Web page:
Videogames, interactive documentaries, VFX: whether you are a media archaeologist, a nostalgic lover of game consoles from the 1980s, a curious investigator of wearable technologies or a fan of the latest hi-tech blockbuster, there is only one place to be in London this summer: the Barbican Centre, home until 14 September to the Digital Revolution exhibition.
What I find particularly exciting about this moment in the history of technology is the fertile interaction between artists and architects, designers and game developers, and musicians and filmmakers. Truly amazing collaborations born in the name of digital media are taking place and if you want to experience some of the most intriguing projects blending creativity and digital media, then you should definitely visit Digital Revolution.
If you miss the old video games you’ll be able to play Pong, Pac-Man and Space Invaders one more time, or dive into your childhood by once again experiencing Tetris and Super Mario on the Game Boy. If you are more of a film addict eager to know all the secrets behind your favourite big budget movies, you’ll discover how the most complex scenes from Christopher Nolan’s Inception or Alfonso Cuaron’s Gravity (not to mention the seminal Tron, Star Wars, The Lawnmower Man, Terminator 2 and Jurassic Park) were created.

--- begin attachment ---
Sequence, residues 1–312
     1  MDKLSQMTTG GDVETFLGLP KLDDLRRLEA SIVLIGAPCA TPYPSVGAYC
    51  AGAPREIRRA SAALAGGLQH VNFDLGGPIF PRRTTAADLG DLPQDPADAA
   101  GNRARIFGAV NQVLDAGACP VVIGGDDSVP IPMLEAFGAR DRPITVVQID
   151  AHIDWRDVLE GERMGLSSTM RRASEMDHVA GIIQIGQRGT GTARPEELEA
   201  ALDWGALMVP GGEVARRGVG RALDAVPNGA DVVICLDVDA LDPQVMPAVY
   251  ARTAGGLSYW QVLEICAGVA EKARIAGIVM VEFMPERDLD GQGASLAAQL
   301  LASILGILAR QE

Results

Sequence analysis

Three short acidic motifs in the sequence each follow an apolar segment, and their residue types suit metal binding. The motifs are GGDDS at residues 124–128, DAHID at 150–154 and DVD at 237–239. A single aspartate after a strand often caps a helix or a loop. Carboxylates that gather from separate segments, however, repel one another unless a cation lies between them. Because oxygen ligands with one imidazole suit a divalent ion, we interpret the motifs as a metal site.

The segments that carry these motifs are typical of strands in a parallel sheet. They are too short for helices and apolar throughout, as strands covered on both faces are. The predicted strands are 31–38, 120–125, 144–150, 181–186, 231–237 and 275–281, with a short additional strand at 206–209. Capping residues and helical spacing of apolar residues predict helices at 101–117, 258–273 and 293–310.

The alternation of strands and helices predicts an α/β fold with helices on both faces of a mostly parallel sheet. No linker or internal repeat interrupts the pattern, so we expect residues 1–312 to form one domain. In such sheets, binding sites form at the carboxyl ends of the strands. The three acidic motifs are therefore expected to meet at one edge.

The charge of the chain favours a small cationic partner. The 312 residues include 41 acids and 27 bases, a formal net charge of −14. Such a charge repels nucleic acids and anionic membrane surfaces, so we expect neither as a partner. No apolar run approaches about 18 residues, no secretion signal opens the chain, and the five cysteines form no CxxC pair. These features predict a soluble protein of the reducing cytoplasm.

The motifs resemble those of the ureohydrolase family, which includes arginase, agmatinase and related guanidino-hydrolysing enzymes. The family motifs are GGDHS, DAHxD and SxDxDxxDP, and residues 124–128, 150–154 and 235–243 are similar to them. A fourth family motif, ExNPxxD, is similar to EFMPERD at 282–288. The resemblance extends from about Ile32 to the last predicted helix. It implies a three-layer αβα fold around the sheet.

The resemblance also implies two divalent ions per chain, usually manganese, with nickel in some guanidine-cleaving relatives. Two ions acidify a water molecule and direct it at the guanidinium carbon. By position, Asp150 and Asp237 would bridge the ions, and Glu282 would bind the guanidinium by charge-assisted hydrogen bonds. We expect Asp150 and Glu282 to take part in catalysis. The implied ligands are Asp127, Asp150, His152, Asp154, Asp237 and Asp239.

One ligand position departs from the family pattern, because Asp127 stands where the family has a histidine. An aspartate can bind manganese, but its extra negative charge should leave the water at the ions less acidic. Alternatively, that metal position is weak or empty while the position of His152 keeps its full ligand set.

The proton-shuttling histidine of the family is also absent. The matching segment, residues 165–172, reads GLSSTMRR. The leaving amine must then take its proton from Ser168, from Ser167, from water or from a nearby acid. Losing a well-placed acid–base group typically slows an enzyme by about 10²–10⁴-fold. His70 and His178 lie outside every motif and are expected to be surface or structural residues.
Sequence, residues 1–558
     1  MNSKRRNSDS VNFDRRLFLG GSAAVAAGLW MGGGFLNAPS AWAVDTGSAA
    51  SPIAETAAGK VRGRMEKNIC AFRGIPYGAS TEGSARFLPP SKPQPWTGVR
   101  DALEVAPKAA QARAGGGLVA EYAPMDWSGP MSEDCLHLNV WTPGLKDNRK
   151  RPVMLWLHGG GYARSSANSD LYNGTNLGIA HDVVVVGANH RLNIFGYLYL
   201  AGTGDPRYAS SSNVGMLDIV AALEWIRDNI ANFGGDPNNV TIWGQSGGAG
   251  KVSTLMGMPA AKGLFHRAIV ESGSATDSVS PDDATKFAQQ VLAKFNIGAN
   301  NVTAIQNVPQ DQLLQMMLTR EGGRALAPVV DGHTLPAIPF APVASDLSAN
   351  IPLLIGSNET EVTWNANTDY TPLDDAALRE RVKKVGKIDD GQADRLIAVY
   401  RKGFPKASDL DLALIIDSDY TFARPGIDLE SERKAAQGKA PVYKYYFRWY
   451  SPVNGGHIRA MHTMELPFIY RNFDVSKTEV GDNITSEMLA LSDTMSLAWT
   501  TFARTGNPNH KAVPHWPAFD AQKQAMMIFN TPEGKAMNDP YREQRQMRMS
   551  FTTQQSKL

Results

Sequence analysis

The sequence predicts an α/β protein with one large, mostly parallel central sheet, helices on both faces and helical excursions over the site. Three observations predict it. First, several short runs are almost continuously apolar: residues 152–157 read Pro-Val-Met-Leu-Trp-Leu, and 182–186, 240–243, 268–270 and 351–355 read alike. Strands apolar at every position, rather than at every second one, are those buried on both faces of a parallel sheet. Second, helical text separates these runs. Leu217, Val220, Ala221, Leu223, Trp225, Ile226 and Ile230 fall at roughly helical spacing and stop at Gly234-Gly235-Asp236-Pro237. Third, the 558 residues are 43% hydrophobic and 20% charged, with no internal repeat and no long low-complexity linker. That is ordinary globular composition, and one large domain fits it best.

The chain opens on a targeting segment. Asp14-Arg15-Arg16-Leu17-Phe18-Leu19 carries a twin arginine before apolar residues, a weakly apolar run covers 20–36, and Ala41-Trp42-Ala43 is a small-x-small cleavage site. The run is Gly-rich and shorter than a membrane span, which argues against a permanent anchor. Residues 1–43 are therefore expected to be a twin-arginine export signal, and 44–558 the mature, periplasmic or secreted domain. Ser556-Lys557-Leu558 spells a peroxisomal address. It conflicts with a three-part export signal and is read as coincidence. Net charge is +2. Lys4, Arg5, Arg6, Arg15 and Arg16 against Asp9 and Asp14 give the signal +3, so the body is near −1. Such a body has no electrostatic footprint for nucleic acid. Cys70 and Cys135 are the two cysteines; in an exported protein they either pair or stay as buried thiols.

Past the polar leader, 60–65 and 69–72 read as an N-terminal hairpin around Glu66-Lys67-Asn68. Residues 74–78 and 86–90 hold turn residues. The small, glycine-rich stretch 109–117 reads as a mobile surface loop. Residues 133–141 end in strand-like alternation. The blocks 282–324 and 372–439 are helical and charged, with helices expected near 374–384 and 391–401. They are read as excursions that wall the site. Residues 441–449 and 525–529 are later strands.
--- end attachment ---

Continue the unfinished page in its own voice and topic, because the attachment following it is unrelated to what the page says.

One of my favourite pieces on display is The Johnny Cash Project, the very well known crowd-sourced and still active tribute to the Man in Black conceived by Aaron Koblin and Chris Milk. You can experience and contribute to it online here.
Digital Revolution features a further installation by Milk. The Treachery of Sanctuary is an interactive triptych which, as stated by the director himself on his website, “tells a story of birth, death, and transfiguration that uses projections of the participants’ own bodies to unlock a new artistic language”. More info about the making of this project and its links to the prehistoric paintings on the walls of the caves of Lascaux is available on The Creators Project’s website.
Coding and augmented reality, hybrid technologies and artificial intelligence are all packed under the same roof. Take your time while exploring all the sections of the exhibition: sometimes the environment is overwhelming due to the noise, the crowd and the large amount of sensory stimuli. Your body will feel the need for a few moments of quiet, so listen to it and take a break.
Some personal advice to conclude: read the instructions. They’re there to help us and I saw many visitors misinterpreting how some installations work. I even caught several people trying to listen to what they thought were speakers, which were actually microphones to capture the sound of their own voices. Just saying…
(Photos and video taken by Nicolò Gallio at the Barbican Centre on 13 July; video Welcome to Digital Revolution © Barbican Centre).
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